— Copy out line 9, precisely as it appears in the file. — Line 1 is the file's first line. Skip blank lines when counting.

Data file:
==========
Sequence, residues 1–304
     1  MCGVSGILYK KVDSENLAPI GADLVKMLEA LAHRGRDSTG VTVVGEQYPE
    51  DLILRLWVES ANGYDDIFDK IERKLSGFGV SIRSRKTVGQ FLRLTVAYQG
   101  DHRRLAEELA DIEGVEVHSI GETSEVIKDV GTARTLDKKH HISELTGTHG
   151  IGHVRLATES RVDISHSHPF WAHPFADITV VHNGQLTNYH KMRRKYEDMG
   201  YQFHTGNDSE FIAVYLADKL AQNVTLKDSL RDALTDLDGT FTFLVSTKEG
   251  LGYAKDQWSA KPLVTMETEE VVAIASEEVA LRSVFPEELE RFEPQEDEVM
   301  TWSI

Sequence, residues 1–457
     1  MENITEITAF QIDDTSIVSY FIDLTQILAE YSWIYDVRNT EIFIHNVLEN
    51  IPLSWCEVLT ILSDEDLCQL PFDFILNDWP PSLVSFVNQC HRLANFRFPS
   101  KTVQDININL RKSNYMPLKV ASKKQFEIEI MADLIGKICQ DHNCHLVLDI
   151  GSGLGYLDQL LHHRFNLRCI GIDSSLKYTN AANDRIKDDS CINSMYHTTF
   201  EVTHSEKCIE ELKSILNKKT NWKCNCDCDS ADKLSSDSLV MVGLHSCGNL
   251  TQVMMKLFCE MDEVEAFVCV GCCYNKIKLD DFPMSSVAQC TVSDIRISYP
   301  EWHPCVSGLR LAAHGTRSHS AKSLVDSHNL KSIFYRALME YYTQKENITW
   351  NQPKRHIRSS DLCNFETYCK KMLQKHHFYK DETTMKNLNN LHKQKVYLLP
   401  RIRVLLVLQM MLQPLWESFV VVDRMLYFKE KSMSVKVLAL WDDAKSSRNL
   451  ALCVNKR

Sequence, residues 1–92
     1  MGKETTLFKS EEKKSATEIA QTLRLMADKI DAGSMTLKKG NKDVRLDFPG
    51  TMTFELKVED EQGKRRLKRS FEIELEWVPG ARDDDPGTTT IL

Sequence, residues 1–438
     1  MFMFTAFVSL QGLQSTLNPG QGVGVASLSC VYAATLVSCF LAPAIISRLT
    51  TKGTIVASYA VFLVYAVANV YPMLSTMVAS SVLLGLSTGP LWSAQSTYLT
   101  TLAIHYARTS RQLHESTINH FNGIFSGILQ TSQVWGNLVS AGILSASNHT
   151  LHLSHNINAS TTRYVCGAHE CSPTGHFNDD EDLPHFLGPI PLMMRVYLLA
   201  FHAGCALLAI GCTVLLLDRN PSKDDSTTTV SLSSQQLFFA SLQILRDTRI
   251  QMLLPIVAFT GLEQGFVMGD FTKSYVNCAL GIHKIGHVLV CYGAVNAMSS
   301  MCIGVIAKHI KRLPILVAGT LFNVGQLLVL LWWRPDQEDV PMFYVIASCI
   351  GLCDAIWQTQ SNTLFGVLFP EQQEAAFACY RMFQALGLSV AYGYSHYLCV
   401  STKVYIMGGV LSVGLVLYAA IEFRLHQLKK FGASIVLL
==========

Sequence, residues 1–457